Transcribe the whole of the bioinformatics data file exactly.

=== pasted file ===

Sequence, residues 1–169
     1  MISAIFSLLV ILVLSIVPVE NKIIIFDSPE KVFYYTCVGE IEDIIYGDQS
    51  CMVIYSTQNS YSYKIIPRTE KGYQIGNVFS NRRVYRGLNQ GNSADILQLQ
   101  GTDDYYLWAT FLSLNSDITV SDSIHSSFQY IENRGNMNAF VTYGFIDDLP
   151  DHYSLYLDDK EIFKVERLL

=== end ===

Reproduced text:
Sequence, residues 1–169
     1  MISAIFSLLV ILVLSIVPVE NKIIIFDSPE KVFYYTCVGE IEDIIYGDQS
    51  CMVIYSTQNS YSYKIIPRTE KGYQIGNVFS NRRVYRGLNQ GNSADILQLQ
   101  GTDDYYLWAT FLSLNSDITV SDSIHSSFQY IENRGNMNAF VTYGFIDDLP
   151  DHYSLYLDDK EIFKVERLL